The clear-headed, not anxious part of my mind tells me to stop worrying about the uncertain future. That such a thing may never happen. And that if it does, I will be able to handle it with grace and honor and love, and still keep my boundaries, my integrity and my self-respect. And then it tells me that even if I fail to be graceful, I will keep my boundaries. And that whatever the result of keeping my boundaries is, it is certainly the right result. Because not being fat, bulimic, crazy, miserable, angry, selfish, and self-loathing is more important than any job, relationship, or amount of money. Because I am always going to be in my own life. That’s the relationship it’s most important not to sabotage.

Don’t make me double dog dare you, 2014

I know that I am outspoken about not loving the holiday season, but there is something I do love about this time of year. I love the New Year. And I don’t just mean the parties. (Though there are aspects of New Year’s parties that contribute to it being one of my favorite holidays. Getting dressed up and dancing, traditional staples for New Year’s festivities, are two of my favorite things ever in the whole world ever.)

But what I really love is the opportunity to look back. To remember and reflect. And I love the opportunity to look forward. To anticipate and plan.

And I love when we choose to do this. That we do it around winter solstice. (Historically, the New Year has been celebrated either around the vernal equinox, the first day of spring, or around winter solstice, the first day of winter.) There is something beautiful to me about having the year end just after the darkest days are done. To make a new beginning just as the days begin to get longer again. We begin as it’s getting better. Waxing.

I have been thinking a lot lately about how different this time of reflection is for me since I got my eating under control. I was trying to remember which were the great years for me before 2006. And I thought about the fact that I don’t remember looking back on any year before then with fondness.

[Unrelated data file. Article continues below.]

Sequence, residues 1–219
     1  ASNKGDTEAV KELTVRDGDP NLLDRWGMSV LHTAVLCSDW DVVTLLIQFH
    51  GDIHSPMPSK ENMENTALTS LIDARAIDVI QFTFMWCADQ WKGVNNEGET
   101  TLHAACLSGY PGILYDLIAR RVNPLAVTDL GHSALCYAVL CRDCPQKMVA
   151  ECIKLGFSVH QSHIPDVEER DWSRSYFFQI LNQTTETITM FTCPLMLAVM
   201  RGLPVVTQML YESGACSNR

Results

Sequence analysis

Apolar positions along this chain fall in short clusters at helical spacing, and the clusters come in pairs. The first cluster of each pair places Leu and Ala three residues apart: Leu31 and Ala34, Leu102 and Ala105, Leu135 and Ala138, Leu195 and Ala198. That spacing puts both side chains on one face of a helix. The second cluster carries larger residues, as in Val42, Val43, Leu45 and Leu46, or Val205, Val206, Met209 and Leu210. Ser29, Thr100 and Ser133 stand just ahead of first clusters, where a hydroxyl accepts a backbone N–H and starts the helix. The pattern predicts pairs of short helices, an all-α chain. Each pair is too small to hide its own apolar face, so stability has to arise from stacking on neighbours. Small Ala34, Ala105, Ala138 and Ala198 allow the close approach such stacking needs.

Not because they were all bad, I realize. But because I was a whiney, whiney complainer. Because I was always unhappy. Because I hated myself. And I hated life. And I was sure that God was out to get me. When I look back at my life, the things that I accomplished and the opportunities I was given, I can see that some of those years were pretty great. Exciting things happened for me. But I didn’t have any gratitude for them.

And then I started to think about the past 8 years and how wonderful they have been. But then I realized that they were not necessarily wonderful. They were certainly not all light, easy and fun. I realized that I had occasionally had some crazy, or terrible or painful things happen to me. But that my attitude about any particular year was never that it was all bad.

In 2007, I lost my Grandfather. He was the first grandparent I lost. I was also evicted from my apartment. I couch surfed for months before I got back on my feet. I had some incredibly generous and amazing friends come through for me in ways I couldn’t have imagined. It was scary and difficult and stressful. But I also loved that year. I got a whole new appreciation for my own capabilities. And I went through that whole period keeping boundaries around my eating. I never said screw it. I honored my commitment even though I’m sure nobody would have “blamed me” if I had numbed my fear and anxiety with food. It was also the year I came out of my sugar-withdrawal fog. For the previous year and a half, I had been walking around in a daze. I had been high on sugar so consistently and for so long that being sober made me feel high. I was scared, but I was so grateful to feel empowered and in control. And loved.